The biggest single literary cause célèbre in Asia in 1994 was the banning of Taslima Nasrin's novel Lajja/Shame by authorities in Bangladesh and the death threat issued against the Bengali author by Islamic extremists for what they perceived to be her blasphemous demands for revision of the Koran. However deplorable that circumstance, the book that is at the center of the controversy in this case—unlike Salman Rushdie's Satanic Verses, which was a vibrantly imaginative and wonderfully entertaining piece of postmodern narrative—is a dense mixture of polemic and harangue tacked onto the thinnest and most programmatic of story lines and will greatly disappoint readers expecting a better-written work of fiction around which they can rally on the beleaguered author's behalf. Far more competent and compelling was the superb Urdu writer Qurratulain Hyder's novel Fireflies in the Mist, which appeared in English fifteen years after its original publication. Here four decades (1939–79) and a multiplicity of themes, characters, and events leading up to and following from the India-Pakistan-Bangladesh partition are seamlessly woven into a postnationalist epic of significant and moving proportions. Rushdie himself was vigorously in evidence in East, West, a scintillating collection of short stories, ironic fables, and grown-up fairy tales overflowing with linguistic exuberance and multicultural references of every conceivable stripe.
Four important new books from Chinese authors reached Western audiences in 1994. The supremely talented Wang Meng, the former Minister of Culture who resigned his post in 1989 rather than parrot the party line on the Tiananmen Square events, brought out The Stubborn Porridge, and Other Stories, a collection of wonderfully subtle and satiric pieces that skewer a variety of targets, from individual politicians and cultural figures to broad social experiments and government policies. The Remote Country of Women by the dissident screenwriter and novelist Bai Hua blends the harshly satiric tale of a political prisoner's escape and refuge with a poetic folktale-like narrative of earthy and harmonious life among the Mosuo people of China's mountainous southwest. Liu Sola followed up the success of her 1993 story collection Blue Sky Green Sea with the highly imaginative and experimental novella Chaos and All That, an amalgam of scenes and songs which blend in slightly disjointed postmodern fashion to recount the experiences of the female protagonist Huang Haha as she grew up amid the deadly, mindless din of the Red Guard era in mainland China. In Grass Soup Zhang Xianliang presents a fictionalized account of his harrowing labor-camp confinement in 1958–61 during Mao's disastrous Great Leap Forward campaign, aimed at pushing the nation into communism but instead exacting a terrible toll (thirty to forty million dead by some estimates) from famine and official brutality. Zhang takes himself and other intellectuals to task as well for their compromises, complicity, and general passivity during that difficult period of Chinese history, but his allusive, low-key account of the material and spiritual privations suffered by all mainland Chinese under the Great Leap Forward is extremely effective in reminding readers that the full story of this historical tragedy remains to be told.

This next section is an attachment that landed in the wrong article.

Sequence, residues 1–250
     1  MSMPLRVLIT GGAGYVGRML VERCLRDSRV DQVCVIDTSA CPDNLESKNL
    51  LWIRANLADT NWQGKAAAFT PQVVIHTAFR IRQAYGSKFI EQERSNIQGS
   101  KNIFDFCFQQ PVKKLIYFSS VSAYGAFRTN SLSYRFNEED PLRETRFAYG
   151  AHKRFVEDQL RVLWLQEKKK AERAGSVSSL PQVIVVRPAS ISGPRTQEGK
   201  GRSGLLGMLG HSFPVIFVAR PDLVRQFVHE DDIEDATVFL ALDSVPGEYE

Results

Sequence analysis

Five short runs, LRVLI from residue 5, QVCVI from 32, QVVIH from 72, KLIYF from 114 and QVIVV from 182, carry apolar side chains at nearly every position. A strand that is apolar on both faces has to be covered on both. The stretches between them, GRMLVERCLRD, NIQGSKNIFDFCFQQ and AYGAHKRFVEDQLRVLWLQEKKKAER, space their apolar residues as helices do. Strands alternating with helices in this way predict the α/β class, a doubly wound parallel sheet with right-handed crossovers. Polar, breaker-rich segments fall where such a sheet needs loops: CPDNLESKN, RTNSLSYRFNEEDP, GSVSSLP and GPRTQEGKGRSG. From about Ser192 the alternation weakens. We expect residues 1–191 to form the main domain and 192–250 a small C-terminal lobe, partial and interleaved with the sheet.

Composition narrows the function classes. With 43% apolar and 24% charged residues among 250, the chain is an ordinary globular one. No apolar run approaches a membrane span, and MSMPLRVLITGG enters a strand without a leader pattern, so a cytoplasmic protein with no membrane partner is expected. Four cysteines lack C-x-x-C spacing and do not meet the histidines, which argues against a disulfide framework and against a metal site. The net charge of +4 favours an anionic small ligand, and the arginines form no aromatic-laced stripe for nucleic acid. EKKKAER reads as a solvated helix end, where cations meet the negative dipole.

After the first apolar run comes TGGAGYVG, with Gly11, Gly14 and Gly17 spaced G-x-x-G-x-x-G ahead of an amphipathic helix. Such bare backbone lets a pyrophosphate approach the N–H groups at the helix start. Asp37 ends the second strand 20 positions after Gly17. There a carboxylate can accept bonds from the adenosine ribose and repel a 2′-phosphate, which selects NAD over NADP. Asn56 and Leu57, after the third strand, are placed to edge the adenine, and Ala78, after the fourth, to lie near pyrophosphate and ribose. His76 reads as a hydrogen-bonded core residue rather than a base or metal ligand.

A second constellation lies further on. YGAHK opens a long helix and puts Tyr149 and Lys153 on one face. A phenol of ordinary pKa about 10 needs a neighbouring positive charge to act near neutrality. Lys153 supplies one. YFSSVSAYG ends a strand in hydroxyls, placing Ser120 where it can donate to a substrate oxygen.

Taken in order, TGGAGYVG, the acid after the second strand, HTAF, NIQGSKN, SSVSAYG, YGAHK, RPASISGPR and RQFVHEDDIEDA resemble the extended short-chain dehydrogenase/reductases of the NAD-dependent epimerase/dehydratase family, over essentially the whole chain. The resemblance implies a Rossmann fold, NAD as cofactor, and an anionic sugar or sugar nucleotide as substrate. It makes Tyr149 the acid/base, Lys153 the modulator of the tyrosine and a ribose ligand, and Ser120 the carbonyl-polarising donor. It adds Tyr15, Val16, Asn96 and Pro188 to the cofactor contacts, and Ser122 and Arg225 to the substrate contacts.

Japan's popular and talented young novelist Haruki Murakami brought out Dance Dance Dance in 1994, the long-awaited sequel to his acclaimed Wild Sheep Chase of 1989. Here the same ordinary protagonist's extraordinary journey continues, taking him on a spiritual quest to northern Hokkaido and yet another mysterious encounter with the sage old Sheep Man. As before, the narrative takes on aspects of an allegorical game strewn with indirect commentary on the glitzy postmodern world of an advanced capitalist culture that seems to preclude setting down roots and to foster perpetual motion and constant activity—such as the protagonist's continual effort to keep dancing. That he does at last drop anchor and settle down, after a fashion, with a Sapporo receptionist would seem to be positive development.
From the fine older writer Shusaku Endo came an impressive new collection of short fiction, The Final Martyrs, gathering stories written over the course of some thirty years. Their themes are much akin to those of Endo's well-known novels: the martyrdom of Roman Catholics in Japan, the fear and nostalgia that accompany old age, the incongruous experiences of Japanese travelers in Europe, spiritual doubts and sexual yearnings, and the author's own difficult childhood in a contentious household. Translations of two earlier novels, The Girl I Left Behind and Deep River, were less impressive but added nevertheless to the rich array of Endo's works (more than a dozen now) available to readers in the West.
Endo's coeval and colleague/rival Kenzaburo Ōe garnered the world's highest literary accolade in 1994 with his receipt of the Nobel Prize and continued his prolific career with the publication of Yureugoku (Vacillation), the second installment of his monumental "Burning Green Tree" trilogy—which he claims will be his final work of fiction. Set in an idyllic village of the author's native Shikoku, the trilogy takes as its topic nothing less than the fate of humanity and the universe, replete with folkloric healers, mystical forest dwellers, transmigrating spirits of the dead, animist forces of the natural world, and messianic visionaries intent on reinvigorating and perpetuating the archetypal Tree of Life to ensure the continued survival of humankind and the cosmos. The project, to be completed in 1995, is characteristic of Ōe's entire oeuvre: marvelously imaginative yet also maddeningly complex and certain to appeal only to the most ardent and diligent of readers. More accessible is The Pinch-Runner Memorandum, his 1976 novel which made its first-ever appearance in English in 1994, recounting in a lively double-layered narrative the involvement of a typically Ōe-like father and his retarded son in the violent 1960s demonstrations against the Mutual Security Treaty between the U.S. and Japan. Along with such now-classic novels as A Private Matter and The Silent Cry, this work would provide an excellent introduction for readers curious to learn more about the world's newest Nobel laureate in literature.
A rich, eventful literary year by any standard.